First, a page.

Anders Villani holds an MFA from the University of Michigan’s Helen Zell Writers’ Program, where he received the Delbanco Prize for poetry. His first collection, Aril Wire, was released in 2018 by Five Islands Press. A PhD candidate at Monash University and assistant poetry editor of Australian Book Review, he lives in Melbourne.
A story about a peacock, catty neighbours, and no apologies.
Andy Kovacic is a young writer from the Central Coast, Australia. She is completing her final year in bachelors of Law and Creative Writing at the University of Technology Sydney. Apart from her studies, she is an art and music writer.
‘The grief tourist’
‘The Grief Tourist’ is my attempt to express the collective national guilt, grief and trauma felt following the 2019/20 bushfires. It is both a love and apology letter to our beautiful and desperate Country.
Yeena is a queer Wiradjuri writer who grew up in Central West New South Wales, she now lives and works on Wangal, Darug and Gadigal lands. Her work has been published in several literary journals.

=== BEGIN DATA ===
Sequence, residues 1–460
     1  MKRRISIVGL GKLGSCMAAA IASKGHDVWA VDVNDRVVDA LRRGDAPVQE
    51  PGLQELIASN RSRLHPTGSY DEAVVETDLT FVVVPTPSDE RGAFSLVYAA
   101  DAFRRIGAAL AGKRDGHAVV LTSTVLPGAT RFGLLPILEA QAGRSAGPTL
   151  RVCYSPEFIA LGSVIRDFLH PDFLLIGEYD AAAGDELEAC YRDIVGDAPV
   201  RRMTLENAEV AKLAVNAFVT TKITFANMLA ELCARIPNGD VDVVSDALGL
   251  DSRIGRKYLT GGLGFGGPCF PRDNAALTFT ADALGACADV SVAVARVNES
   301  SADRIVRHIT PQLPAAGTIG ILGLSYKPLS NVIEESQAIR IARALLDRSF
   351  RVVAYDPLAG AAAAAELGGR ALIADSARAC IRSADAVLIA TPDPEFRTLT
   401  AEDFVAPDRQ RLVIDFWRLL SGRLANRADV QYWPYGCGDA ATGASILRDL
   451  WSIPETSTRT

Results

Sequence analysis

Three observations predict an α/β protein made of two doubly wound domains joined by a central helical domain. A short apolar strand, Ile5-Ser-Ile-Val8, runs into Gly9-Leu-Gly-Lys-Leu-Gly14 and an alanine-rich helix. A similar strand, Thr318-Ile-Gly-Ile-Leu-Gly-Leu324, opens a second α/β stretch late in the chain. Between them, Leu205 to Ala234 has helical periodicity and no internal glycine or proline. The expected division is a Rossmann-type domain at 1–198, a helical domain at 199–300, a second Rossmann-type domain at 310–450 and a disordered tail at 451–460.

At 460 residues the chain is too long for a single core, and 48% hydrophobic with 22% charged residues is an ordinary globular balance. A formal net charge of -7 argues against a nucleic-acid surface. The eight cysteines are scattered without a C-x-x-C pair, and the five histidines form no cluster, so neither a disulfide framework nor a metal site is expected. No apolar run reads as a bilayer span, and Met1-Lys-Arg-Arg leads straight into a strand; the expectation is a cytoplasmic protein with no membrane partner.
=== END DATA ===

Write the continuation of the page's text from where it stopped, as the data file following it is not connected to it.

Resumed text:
‘The Fence’ explores the geography of gender and kinship and the physics of inhabiting the world in a female body.
Verity Oswin is a poet and documentary producer who grew up and currently lives on a property near Moulamein in the Riverina. She is studying her PhD at the University of Adelaide and is the mother of twins.
‘Centocartography: Campsie’ is a product of walking that experiments with new ways of reading and writing maps.
Dave Drayton was an amateur banjo player, founding member of the Atterton Academy, and the author of E, UIO, A: a feghoot (Container), A pet per ably-faced kid (Stale Objects dePress), P(oe)Ms (Rabbit), Haiturograms (Stale Objects dePress) and Poetic Pentagons (Spacecraft Press).
‘Me, the (failed) revolutionary’
LI-sten to DJAB WurRUNG! As a protestor fears standing and chanting with her comrades, ‘Me, the (failed) revolutionary’ grapples with the fractures of gender, immigration, colonisation and class – while the police watch from the steps of parliament house.
Nandini is a writer and poet working on Wurundjeri and Boon Wurrung country. She is interested in writing as political thinking, unwinding the dense political and philosophical networks entangled in daily life.